Stressed not at all its a matter of pride, India’s first uterus transplant team shares the experience

As they prepare for the second uterus transplant, doctors who are part of India’s first uterus transplant team say, we were not under stress. There was motivation of doing something for the society and motivation to achieve excellence in science. These two things have helped us to make our surgery a success

Team of Galaxy care hospital who performed the surgery
Team of Galaxy care hospital who performed the surgery

After the first successful uterus transplant by a team of Pune doctors, on a 21-year-old Solapur woman, the doctors said that, there are no post-operative complications observed and the blood supply to the uterus is normal. Meanwhile a proud team of doctors are confident about the second surgery which they will be performing on a 26-year-old woman from Baroda on Friday.

Stressed not at all its a matter of pride, India’s first uterus transplant team shares the experience
Dr Shailesh Puntambekar

Shailesh Puntambekar, Director of Galaxy Care and Laparoscopy Institute (GCLI), who performed the operation along with a team of 12 doctors, said, “There are two major concerns. The first one is post-operative complications. But there are no complications yet. We have joined three blood vessels and within the ten minute of its joining blood supply was normal. We have studied the Doppler today to examine the blood supply and in the morning we found that, the blood supply is absolutely normal. The second concern is now of organ’s rejection and we will be able to know about that in seven days.”

While explaining about the surgery, he added, “The surgery was done by laparoscopy, by only taking a small assistance from the open surgery technique. The entire surgical time taken was one hour for anaesthesia; four and half hours for retrieval and around four hours to prepare the bed and to fit a uterus in that area. Creating a bed, where the uterus can be inserted was a big challenge to us and this also was done with laparoscopy.

“When we do re-joining of the vessel, you have to do it in stipulated time and you cannot take more than one and half hour. We did this successfully. The donor is completely normal now. As we do not want any movement to disturb the vessels we have kept the recipient in isolation,” said Dr Puntambekar

My Medical Mantra Exclusive: From the OT of India's first uterus transplant surgery
Team of doctors performing India’s first uterus transplant

Dr Bhushan Kinholkar, Intensivist, said, “To prevent any infection we will keep the recipient in an isolated area. The area where she will be kept is sterilised so that the patient does not catch any infection.”

The second uterus transplant will be performed on a, 26-year-old woman, resident of Vadodara will be undergoing the womb transplant today (Friday, 19 May 2017). Her first baby was stillborn and after that she had three miscarriages. Two years ago, a medical examination revealed that her uterus was completely damaged and she could never be able to carry a pregnancy. Now, she wants to see whether the transplant gives her a chance to give birth to her own baby. Her mother a 41 year-old woman is the one who will be donating her uterus.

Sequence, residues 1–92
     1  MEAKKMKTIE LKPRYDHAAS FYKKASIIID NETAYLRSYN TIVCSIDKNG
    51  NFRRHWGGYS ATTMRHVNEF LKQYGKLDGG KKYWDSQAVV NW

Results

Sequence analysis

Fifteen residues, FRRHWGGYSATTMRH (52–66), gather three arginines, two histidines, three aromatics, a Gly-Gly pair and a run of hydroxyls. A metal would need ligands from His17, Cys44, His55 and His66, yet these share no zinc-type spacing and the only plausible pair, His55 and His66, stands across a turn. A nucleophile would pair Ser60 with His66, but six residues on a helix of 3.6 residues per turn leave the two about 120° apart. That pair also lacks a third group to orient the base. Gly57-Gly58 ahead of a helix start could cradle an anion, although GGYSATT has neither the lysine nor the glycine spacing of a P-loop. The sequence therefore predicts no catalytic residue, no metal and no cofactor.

He also said that video consent of the family for the operation was taken and an idea about the risk involved was also given to them. Dr Bhushan Kinholkar added, “The entire family has supported very well. We are going to do the second one today. The lady from Vadodara is beautician and her husband is a small scale industrialist. They are educated. Both of them know what they are undergoing. We all know that we will succeed today too. We had informed both the families about the risks and had even told them that the operation might fail.”

“We were not under stress. There are chances of creating mistakes when you do operations under stress. Since last few months, every day we are meeting at 8 am and have been practicing the surgery,” Kinholkar said.

Dr Milind Telang, Gynaecologist and who was also the part of the team, said, “We have done it voluntarily and we have offered our service free of cost for the operation. There was a motivation of doing something for the society and a motivation to achieve excellence in science. These two things have helped us to make our surgery a success.”

He added, “Once you cut off the blood supply, you do not have much time. Creating a bed for the uterus to fit in and re-joining the blood vessels was the most challenging task for us.”

Dr Nikhil Agarkhedkar, Plastic, Aesthetic and Micro Vascular surgeon, said, “We all knew the anatomy of the organ but understanding it while the organ is undergoing a surgical operation is different. This was challenging this time as it was for the first time that we were doing it for uterus organ. It’s a moment of pride to be the part of the team.”

Dr Pankaj Kularni, Gynaecologist, said, “There was a lot of excitement. I have been practicing and studying for this surgery since the last six months. We were a bit tense yesterday and that was natural, as we were performing this for the first time. But, today, the entire team is confident and today’s surgery will be an easy task for us.”